Impact on dietary intake of a self-directed, gender-tailored diabetes prevention program in men.

Auteur(s) :
Collins CE., Morgan PJ., Plotnikoff RC., Callister R., Young MD., Rollo ME., Aguiar EJ., Pursey KM.
Date :
Août, 2017
Source(s) :
World journal of diabetes. #8:8 p414-421
Adresse :
Megan E Rollo, Kirrilly M Pursey, Clare E Collins, Priority Research Centre for Physical Activity and Nutrition, School of Health Sciences, Faculty of Health and Medicine, University of Newcastle, Callaghan, NSW 2308, Australia.

Sommaire de l'article

To investigate changes in dietary intake following a 6-mo randomised controlled trial of the self-directed, gender-tailored type 2 diabetes mellitus (T2DM) Prevention Using LifeStyle Education (PULSE) program in men.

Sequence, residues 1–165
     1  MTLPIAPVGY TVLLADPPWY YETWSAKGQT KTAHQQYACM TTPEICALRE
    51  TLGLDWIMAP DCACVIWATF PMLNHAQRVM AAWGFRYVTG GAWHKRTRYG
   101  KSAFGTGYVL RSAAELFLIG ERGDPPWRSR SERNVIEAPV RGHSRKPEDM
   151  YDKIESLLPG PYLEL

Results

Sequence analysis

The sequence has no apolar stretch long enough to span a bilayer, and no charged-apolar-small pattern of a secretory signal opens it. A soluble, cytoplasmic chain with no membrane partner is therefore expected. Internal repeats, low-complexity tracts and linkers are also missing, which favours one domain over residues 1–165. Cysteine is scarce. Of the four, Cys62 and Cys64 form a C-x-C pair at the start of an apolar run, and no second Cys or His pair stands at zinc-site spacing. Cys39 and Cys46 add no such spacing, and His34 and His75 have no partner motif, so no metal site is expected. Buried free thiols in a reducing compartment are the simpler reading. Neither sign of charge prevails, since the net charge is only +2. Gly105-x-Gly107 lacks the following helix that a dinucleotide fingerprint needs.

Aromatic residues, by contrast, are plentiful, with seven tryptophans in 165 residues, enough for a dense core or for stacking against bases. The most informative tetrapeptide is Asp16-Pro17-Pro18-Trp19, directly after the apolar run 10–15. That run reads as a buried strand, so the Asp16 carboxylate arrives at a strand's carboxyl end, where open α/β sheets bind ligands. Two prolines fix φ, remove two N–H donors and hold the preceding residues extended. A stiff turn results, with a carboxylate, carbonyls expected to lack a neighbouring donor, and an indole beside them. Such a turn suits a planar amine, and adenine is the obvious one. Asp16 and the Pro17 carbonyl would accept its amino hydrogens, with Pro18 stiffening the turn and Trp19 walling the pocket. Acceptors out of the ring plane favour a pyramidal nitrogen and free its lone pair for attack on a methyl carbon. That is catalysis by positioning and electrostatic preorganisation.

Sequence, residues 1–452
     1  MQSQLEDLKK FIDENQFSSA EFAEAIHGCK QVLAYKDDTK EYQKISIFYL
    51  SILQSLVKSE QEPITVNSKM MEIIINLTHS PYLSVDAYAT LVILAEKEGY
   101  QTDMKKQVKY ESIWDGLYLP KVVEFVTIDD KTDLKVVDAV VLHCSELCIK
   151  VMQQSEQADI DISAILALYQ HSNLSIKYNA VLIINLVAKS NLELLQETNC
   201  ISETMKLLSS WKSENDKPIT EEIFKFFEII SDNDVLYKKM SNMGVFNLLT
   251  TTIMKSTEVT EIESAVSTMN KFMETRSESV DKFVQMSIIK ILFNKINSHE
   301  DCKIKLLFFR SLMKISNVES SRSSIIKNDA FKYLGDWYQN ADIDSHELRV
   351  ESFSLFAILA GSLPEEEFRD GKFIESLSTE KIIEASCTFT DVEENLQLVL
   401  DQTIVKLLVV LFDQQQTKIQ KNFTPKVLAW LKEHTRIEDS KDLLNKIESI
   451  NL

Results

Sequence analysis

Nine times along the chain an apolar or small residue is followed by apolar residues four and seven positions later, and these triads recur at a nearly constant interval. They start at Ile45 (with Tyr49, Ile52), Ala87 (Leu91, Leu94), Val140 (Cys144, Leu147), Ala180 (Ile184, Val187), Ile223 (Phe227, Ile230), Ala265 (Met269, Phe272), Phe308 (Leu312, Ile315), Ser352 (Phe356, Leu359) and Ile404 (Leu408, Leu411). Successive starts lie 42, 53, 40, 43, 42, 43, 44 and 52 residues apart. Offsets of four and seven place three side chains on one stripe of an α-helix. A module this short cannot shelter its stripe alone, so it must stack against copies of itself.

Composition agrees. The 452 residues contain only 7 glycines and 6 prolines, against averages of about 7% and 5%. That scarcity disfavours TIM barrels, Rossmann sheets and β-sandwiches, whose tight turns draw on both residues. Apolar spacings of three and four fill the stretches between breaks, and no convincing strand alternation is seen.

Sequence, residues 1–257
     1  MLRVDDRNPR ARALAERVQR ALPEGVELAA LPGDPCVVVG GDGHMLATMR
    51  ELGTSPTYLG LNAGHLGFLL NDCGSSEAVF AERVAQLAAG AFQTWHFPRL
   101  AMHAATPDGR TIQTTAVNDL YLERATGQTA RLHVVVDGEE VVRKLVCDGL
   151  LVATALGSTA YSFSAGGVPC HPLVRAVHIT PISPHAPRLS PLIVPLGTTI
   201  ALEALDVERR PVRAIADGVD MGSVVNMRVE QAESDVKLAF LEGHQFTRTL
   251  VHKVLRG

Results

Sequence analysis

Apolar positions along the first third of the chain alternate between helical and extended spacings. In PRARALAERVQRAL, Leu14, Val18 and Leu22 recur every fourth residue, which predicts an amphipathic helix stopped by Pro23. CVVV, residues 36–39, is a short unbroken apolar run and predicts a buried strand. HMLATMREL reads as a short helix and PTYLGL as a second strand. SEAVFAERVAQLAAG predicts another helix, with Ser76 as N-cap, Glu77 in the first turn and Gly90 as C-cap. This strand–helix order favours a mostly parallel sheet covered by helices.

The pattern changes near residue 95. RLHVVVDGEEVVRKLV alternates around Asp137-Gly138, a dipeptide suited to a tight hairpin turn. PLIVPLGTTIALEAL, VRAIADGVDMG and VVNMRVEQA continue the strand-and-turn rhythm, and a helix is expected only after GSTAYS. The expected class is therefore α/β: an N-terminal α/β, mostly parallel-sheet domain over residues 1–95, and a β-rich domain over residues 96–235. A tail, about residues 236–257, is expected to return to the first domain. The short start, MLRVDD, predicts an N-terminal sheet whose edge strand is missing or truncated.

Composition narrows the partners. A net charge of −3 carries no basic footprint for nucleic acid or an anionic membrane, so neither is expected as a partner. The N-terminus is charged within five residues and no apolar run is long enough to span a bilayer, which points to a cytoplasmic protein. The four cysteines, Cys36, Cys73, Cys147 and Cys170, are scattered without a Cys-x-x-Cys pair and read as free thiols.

Men aged 18-65 years, with a body mass index (BMI) 25-40 kg/m(2), and at high risk for developing T2DM were recruited from the Hunter Region of New South Wales, Australia. Eligible participants were randomised into one of two groups: (1) waitlist control; or (2) PULSE intervention. Dietary intake was assessed at baseline and immediately post-program using the Australian Eating Survey food frequency questionnaire and diet quality measured using the Australian Recommended Food Score (ARFS).

One hundred and one participants (n = 48, control; n = 53, intervention, mean age 52.3 ± 9.7 years, BMI of 32.6 ± 3.3 kg/m(2)) commenced the study. Following the active phase, differences between groups were observed for proportion of total energy consumed from healthful (core) foods (+7.6%EI, P < 0.001), energy-dense, nutrient-poor foods (-7.6%EI, P < 0.001), sodium (-369 mg, P = 0.047), and diet quality (ARFS) (+4.3, P = 0.004), including sub-scales for fruit (+1.1, P = 0.03), meat (+0.9, P = 0.004) and non-meat protein (+0.5, P = 0.03).

The PULSE prevention program's nutrition messages led to significant improvements in dietary intake in men at risk of T2DM.

Source : Pubmed